The first floor of the Vienna Gate complex, located across the street from the Petržalka train station, has already been built.
However, cheaper prices and a good location also made Petržalka an attractive location for hypermarkets, logistics centres and shopping centres. Now, the Vienna Gate development sprouting up next to Petržalka's railway station and the Petržalské Korzo (Petržalka Promenade) demonstrate that the suburb's qualities are also luring residential real estate investments to Petržalka.
Petržalské Korzo, completed less than two years ago, was an attempt to give the concrete jungle a human face and make it a more pleasant place to live. It is a foot and cycle path that connects the Petržalka railway station to the Bratislava city centre.
Construction on Petržalské Korzo started in February 2003 and finished in June 2005. It cost approximately Sk80 million (€2.4 million) to build. Most of that was covered by a PHARE fund (EU development fund) subsidy and the rest came from the state budget and the local government.
The Korzo intersects five busy roads. All the crossings are barrier-free and evenly paved to make them safer for blind people.
"The Korzo is something that is more connected with the Bratislava Old Town and its streets, with the historic part of the capital, but we in Petržalka thought that we also deserve something similar," said then-Petržalka mayor Vladimír Bajaník at the opening of the promenade in September 2005. "I look forward to times when Korzo meetings and walks become popular among both young and old, and the promenade really becomes a pulsing place on the map of Petržalka."
Petržalské Korzo, said the former mayor, will grow further with the extension of the promenade, new cafeterias, and green space. His deputy Dušan Vávra, who still works for the local government, said the project received a positive response even in its initial stages and it is already getting popular.
For pedestrians, cyclists and inline skaters, the Korzo is an ideal connection to the Janka Kráľa public park, Bratislava's downtown and the international bike path that runs along the Danube from Győr, Hungary, to Passau, Germany, Vávra told The Slovak Spectator.
The new Vienna Gate complex will also take advantage of the promenade.
"Vienna Gate connects directly with Petržalské Korzo, and the walkway will go through a glass passage between shops on the complex's ground floor," said Jana Kľúčiková, executive director of Key2B Marketing Communication Company, which handles the marketing for the complex.
Kľúčiková told The Slovak Spectator that this part will be extended even further to the Matador outdoor swimming pool, creating part of a revitalized sports and leisure zone.
Construction on Vienna Gate, a multi-functional apartment complex with a view of the Austrian landscape, was launched in April 2006. Its investors are Vienna Gate 1, and developer MEI Slovakia, a member of the Dutch Central Europe Group.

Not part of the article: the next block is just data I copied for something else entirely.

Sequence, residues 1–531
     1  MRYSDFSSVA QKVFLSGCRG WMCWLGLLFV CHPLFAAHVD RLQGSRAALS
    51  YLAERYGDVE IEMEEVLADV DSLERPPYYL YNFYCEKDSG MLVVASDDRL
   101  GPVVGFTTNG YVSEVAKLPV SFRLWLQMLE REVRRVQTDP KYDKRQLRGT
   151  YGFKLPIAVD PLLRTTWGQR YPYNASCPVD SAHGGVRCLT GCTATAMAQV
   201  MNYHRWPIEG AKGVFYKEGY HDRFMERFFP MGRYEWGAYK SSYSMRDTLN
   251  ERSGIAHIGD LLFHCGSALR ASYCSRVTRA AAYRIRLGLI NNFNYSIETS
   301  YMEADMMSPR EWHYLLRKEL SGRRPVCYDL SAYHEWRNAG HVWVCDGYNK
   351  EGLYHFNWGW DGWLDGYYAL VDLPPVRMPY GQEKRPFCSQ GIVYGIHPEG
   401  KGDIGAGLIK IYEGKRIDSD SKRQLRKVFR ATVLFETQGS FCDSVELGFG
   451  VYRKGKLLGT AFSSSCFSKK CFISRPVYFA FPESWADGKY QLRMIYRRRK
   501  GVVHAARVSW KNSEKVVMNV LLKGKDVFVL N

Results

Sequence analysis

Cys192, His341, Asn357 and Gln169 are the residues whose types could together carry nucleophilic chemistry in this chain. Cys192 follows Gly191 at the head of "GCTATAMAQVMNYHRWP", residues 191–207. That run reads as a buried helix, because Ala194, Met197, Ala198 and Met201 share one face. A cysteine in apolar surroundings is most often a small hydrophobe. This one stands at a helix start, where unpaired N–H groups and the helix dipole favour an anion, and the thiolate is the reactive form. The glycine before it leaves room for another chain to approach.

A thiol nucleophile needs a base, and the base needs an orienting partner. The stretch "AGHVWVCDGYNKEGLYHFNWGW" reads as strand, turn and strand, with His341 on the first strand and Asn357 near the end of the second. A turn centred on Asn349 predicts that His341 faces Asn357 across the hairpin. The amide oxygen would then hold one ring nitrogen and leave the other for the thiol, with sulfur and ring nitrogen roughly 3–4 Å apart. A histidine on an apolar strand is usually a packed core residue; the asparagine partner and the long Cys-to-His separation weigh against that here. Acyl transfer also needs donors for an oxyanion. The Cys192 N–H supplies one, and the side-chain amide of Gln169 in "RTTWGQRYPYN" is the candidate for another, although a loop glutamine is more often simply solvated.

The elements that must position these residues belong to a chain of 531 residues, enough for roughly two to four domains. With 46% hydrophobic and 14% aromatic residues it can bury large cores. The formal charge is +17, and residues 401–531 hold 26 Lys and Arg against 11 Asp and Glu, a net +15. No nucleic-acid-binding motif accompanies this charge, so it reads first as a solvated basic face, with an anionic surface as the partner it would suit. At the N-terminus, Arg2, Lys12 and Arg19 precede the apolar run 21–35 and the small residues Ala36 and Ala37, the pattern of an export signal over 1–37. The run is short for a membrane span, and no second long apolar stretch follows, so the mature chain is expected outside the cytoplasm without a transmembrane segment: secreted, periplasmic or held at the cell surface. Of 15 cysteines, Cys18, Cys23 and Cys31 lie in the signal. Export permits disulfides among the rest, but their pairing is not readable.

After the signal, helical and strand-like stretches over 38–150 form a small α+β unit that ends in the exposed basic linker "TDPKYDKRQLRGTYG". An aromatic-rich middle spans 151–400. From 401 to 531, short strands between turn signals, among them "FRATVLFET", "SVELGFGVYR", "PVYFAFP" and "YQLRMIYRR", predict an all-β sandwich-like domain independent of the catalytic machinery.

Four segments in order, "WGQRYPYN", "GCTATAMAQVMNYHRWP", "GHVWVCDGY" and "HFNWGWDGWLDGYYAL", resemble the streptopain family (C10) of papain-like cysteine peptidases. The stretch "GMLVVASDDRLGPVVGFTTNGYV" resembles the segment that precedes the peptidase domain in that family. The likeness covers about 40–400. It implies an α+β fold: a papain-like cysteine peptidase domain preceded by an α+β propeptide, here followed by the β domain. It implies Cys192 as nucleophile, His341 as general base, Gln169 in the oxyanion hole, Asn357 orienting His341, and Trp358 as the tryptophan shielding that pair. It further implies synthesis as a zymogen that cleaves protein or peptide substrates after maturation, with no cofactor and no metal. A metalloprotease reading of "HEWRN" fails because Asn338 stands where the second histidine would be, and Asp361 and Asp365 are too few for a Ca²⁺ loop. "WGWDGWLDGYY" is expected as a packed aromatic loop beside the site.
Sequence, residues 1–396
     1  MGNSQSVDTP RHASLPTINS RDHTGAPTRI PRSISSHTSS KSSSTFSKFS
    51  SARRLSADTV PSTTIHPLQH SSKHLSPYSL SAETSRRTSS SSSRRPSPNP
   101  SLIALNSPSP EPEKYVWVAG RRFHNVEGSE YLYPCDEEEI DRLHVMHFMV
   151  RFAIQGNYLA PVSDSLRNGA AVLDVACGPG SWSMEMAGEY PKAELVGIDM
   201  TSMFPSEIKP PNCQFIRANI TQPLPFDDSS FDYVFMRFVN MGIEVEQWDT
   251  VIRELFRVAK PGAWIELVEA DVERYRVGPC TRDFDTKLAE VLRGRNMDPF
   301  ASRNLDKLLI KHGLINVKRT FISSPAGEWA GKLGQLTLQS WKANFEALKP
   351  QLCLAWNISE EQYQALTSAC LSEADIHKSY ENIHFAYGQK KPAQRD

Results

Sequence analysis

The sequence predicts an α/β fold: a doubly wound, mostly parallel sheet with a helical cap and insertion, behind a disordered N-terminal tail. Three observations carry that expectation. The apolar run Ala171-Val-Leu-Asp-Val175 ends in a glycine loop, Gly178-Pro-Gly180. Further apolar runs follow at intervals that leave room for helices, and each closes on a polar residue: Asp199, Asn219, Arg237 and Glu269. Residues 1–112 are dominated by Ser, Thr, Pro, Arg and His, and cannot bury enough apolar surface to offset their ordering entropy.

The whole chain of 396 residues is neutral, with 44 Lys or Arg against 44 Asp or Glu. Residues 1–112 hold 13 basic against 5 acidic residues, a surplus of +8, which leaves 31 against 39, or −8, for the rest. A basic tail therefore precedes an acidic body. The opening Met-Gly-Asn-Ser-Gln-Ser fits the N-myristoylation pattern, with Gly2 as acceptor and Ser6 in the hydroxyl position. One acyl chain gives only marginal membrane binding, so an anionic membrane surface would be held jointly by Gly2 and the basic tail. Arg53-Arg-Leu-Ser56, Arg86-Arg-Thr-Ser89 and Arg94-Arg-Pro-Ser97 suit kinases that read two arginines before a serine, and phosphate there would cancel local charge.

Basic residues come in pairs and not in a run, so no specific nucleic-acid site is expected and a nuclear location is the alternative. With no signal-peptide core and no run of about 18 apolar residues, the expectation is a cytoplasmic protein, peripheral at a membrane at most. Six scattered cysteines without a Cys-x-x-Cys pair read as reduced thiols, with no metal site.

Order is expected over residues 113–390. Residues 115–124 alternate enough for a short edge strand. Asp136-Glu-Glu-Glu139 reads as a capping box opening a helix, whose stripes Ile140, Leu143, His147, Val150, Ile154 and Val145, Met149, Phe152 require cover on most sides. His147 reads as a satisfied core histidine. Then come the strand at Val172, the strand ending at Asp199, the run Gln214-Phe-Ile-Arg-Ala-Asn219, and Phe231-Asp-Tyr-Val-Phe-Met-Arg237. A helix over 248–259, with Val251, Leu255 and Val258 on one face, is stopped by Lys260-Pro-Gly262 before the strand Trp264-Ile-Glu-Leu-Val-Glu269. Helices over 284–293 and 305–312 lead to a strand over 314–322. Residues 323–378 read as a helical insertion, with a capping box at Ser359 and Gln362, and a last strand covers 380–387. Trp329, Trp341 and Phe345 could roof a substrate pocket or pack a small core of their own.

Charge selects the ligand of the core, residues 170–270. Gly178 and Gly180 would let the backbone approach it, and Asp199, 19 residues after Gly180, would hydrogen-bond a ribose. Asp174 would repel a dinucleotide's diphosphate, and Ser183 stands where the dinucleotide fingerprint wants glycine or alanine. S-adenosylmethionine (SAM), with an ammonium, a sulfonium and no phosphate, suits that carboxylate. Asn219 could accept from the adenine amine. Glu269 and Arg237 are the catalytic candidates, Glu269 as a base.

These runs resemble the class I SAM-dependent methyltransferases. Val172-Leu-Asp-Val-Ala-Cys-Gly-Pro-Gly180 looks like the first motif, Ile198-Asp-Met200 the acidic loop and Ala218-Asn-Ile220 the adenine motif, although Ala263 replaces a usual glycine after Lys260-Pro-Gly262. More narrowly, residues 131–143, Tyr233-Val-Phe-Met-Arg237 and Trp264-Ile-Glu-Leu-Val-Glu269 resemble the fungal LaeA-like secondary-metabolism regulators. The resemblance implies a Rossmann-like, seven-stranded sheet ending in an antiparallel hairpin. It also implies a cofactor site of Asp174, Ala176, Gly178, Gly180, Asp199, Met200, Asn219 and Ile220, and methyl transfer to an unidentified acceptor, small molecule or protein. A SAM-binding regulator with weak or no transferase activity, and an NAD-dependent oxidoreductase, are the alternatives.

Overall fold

The first floor, which will be shared by both high-rise apartment buildings, Vienna and Gate, has already been built. There will be a commercial section with restaurants, shops, a fitness centre, and other amenities such as a pharmacy, bank, children's area and dry cleaners.
Vienna Gate is scheduled to be completed in August 2008. Flats range in price from about Sk1.98 million (€60,000) for a one-room, 43-square-metre flat, upwards to Sk8 million (€240,000) for a 161-square-metre flat.
Vienna Gate has already attracted interest from both Slovak and foreign clients because of its location, Kľúčiková said.
"The location is constantly becoming more important, not only because of its closeness to downtown, but also because of its connection to the Austrian and Hungarian motorway networks," said Kľúčiková. "The coming high-speed TGV train connection [linking Paris to Vienna with an extension to Bratislava] also adds to the project's attractiveness."
The French TGV, which can reach speeds of up to 300 kilometres an hour, is to be extended to Bratislava by 2013 at the earliest, the Hospodárske Noviny daily wrote.
But the arrival of Vienna Gate could also cause complications, Vávra said.
"The Vienna Gate complex will certainly bring more people to the Korzo, and I can see a [possible] negative effects in terms of transportation there - both a static one, with parking, and a dynamic one, as a result of the larger number of cars and the design of the existing crossroads," Vávra said.
However, if Vienna Gate is willing to participate in a solution to this problem, the complex will make the whole area more attractive, he added.
Private companies like IDO Hutný Projekt and Vodohospo-dárska Výstavba that are constructing their buildings next to the Petržalské Korzo can significantly contribute to the promenade's attractiveness, said Vávra.
"The companies want to incorporate their buildings into the Korzo by building green spaces with fountains and planting trees," Vávra said. The Petržalka council will require developers to build barrier-free access for wheelchair users and cyclists next to Einsteinova Street, he said.
23. Apr 2007 at 0:00 | Robert Valjent